网易重庆市江北区网友 [平淡一点开心一点]: (responding to above)

You can resign, but increasing your salary is impossible, so go try your luck in society and you’ll know just how easy it is for you to earn you little more than 3000.

网易江苏省苏州市手机网友 ip:122.193.*.*:

Are wages for civil servants low? Based on what I know, a deputy director’s retirement income is 7,000 to 8,000 and includes hidden benefits during holidays. What major accomplishments that benefit the people have they done? Each and every one of them are standing on the heads of the ordinary common people, enjoying retirement pay that is several times higher than that of ordinary people. Shameless.

What do you think? Should civil servants have their salaries increased?

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  • Joey

    “So-called education and the results of examinations are the one means of obtaining official notice. Granted that a young scholar gains distinction, he proceeds to seek public employment, and, by bribing the Peking authorities, an official post is hoped for.

    Once obtained, as he cannot live on his salary, perhaps he even pays so much annually for his post, license to squeeze is the result, and the man must be stupid indeed who cannot, when backed up by Government, make himself rich enough to buy a still higher post in a few years.

    With advancement comes increased license and additional facility for self-enrichment, so that the cleverest ‘squeezer’ ultimately can obtain money enough to purchase the highest positions.

    This official thief, with his mind warped by his mode of life, is the ultimate authority in all matters of social, political and criminal life. It is a feudal system, an imperium in imperio, an unjust autocracy, which thrives by its own rottenness. But this system of fattening on the public vitals – the selling of power – is the chief means by which the Manchu dynasty continues to exist.

    With this legalized corruption stamped as the highest ideal of government, who can wonder at the strong undercurrent of dissatisfaction among the people?”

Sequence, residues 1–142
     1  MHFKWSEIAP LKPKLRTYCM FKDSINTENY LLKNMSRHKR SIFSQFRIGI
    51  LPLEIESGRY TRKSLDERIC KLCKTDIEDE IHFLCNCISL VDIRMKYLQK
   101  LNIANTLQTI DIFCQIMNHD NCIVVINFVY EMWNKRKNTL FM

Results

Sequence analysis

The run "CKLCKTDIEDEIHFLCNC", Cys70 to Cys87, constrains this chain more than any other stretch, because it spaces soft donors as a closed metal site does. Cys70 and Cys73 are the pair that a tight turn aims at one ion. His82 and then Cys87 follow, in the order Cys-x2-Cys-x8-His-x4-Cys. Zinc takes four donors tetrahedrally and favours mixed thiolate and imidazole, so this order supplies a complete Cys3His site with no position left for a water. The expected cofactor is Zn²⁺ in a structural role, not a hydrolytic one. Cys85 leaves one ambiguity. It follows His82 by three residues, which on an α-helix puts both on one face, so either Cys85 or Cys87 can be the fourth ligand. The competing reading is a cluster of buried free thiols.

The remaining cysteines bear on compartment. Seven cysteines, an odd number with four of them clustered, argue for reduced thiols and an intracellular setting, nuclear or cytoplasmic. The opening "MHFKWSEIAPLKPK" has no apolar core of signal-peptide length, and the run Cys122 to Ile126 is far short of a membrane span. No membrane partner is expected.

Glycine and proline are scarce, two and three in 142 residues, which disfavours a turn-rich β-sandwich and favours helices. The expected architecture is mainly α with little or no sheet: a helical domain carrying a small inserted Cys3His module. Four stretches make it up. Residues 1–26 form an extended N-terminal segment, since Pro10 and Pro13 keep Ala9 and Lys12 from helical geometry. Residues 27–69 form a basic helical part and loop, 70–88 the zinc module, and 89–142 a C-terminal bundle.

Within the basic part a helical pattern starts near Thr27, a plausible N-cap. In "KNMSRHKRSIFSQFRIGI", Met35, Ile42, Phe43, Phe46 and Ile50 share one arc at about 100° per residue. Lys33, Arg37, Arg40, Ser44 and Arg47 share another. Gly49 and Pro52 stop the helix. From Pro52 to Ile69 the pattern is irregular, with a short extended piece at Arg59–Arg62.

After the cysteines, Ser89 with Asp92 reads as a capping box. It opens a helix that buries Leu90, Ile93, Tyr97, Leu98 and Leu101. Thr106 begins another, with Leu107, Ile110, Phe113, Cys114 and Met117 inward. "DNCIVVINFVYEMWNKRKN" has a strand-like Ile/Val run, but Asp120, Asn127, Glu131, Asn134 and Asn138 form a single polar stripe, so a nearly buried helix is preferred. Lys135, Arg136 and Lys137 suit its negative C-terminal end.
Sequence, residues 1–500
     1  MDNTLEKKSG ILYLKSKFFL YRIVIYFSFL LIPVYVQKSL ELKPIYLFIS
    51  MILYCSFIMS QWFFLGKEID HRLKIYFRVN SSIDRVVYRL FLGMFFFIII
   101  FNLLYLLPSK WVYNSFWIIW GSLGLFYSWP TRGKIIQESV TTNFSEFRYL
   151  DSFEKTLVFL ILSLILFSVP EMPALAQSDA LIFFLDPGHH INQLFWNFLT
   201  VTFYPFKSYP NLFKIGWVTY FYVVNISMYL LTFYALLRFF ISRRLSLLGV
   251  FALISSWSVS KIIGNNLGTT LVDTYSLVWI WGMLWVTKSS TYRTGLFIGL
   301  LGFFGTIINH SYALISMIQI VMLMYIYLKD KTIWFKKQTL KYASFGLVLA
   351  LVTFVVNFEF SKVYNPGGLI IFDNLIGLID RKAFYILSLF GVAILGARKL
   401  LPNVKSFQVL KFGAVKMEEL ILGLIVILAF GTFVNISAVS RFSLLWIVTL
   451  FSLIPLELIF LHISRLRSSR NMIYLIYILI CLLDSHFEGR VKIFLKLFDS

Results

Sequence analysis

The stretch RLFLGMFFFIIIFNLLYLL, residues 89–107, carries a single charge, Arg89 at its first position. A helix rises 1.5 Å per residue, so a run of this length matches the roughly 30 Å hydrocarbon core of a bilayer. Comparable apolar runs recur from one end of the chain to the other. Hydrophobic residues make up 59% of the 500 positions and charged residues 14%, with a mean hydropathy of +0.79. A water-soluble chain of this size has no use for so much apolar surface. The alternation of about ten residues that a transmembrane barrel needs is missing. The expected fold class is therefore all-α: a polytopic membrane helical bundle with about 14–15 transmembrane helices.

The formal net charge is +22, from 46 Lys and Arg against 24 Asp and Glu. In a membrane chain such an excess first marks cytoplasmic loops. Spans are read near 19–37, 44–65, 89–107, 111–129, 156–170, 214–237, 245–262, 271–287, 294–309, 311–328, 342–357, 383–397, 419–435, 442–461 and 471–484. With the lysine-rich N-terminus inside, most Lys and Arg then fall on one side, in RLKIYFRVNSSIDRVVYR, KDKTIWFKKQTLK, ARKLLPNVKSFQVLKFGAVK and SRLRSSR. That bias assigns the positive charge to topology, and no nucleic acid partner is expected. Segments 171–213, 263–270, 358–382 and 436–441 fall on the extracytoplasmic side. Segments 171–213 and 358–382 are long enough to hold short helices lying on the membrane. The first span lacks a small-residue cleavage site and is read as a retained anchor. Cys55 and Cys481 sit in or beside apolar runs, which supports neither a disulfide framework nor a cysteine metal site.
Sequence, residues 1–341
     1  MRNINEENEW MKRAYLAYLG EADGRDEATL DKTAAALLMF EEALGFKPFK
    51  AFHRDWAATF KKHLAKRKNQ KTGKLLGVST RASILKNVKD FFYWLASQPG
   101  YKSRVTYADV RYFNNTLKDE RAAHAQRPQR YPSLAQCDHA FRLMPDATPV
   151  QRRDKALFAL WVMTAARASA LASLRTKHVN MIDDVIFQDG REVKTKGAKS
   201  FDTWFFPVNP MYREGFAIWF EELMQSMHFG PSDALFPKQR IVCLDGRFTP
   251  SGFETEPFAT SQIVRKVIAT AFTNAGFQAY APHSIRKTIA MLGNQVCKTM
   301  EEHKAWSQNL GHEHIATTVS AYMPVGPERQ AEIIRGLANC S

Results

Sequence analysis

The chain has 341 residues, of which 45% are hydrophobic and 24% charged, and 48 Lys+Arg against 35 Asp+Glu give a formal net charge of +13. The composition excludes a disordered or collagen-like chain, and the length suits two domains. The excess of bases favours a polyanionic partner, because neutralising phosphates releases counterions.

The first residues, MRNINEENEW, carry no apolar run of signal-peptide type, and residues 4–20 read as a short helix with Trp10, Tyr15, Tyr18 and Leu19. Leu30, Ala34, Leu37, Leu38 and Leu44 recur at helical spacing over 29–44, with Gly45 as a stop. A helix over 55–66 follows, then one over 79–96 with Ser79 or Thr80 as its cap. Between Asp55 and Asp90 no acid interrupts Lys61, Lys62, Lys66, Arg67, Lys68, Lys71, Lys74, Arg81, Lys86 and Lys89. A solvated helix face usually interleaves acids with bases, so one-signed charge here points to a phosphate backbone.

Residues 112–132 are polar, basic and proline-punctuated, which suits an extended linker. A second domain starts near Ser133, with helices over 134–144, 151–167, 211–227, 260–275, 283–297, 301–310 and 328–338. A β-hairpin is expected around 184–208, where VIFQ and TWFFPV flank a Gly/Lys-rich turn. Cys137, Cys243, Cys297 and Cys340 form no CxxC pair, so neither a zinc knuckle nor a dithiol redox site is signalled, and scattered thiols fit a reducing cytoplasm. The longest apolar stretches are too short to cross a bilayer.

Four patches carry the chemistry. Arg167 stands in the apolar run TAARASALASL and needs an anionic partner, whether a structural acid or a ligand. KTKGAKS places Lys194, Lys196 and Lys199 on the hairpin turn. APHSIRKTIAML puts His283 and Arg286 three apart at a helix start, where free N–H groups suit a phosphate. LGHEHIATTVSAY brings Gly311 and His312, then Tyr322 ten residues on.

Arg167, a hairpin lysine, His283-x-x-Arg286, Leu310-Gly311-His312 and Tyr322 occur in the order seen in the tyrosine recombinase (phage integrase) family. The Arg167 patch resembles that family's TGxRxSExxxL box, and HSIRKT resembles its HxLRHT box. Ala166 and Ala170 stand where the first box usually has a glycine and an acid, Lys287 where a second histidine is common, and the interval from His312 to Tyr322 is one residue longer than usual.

Sun Yat-sen in 1912. The more things change, the more they stay the same.

    • David

      And it was nothing new then. Each imperial court has had problems with the bureaucracy for 2000 years. Most have tried reforming/abolishing them at some point or another and it never works for long. whatever system they replace it with simply takes on the same shape. Same game, different players.

      • Insomnicide

        When there’s a change, there’s always some group unsatisfied by the results. So in an effort to cater to the majority, they have to dumb down the system.

        There’s never an official or leader that managed to push a total reform of the system without severe backlash.

      • lacompacida

        Since this is our historical heritage, we must fight to maintain it.

        • David

          It is the historical heritage of the intellectual elite (normally sons of land owners who could afford to have them educated enough to take the exams). So in the past local land owners who were a little better off than the majority filled the role of local government officials.. If this is the part of society you come from than it is certainly YOUR heritage. However, most people do not, so for them it is not something to be preserved. Even when Mao did his cultural revolution and land was confiscated and redistributed as collectives, the cadres officials he set up took the place of the local land owners doing government business.

          • Dr Sun

            unfortunately David, this dynasty got rid of of the intellectual elite and replaced it with the trailer park elite

          • David

            Your not implying the current crop of local government officials lack the class of those in the past are you?

          • Dr Sun

            you know me David I never imply, I just say it.

        • the ace of books

          I know you’re being sarcastic, but I’ll answer you seriously: There’s no “fight to maintain”, here – what there hasn’t been is a “fight to change”. This tendency to top-down, endemic corruption has recurred often and widely in China’s history, and while the window dressing’s changed, the inside of the house is still set up the same way. When history says it’s okay, why wouldn’t people do it?

        • the ace of books

          I know you’re being sarcastic, but I’ll answer you seriously: There’s no “fight to maintain”, here – what there hasn’t been is a “fight to change”. This tendency to top-down, endemic corruption has recurred often and widely in China’s history, and while the window dressing’s changed, the inside of the house is still set up the same way. When history says it’s okay, why wouldn’t people do it?

    • Ruaraidh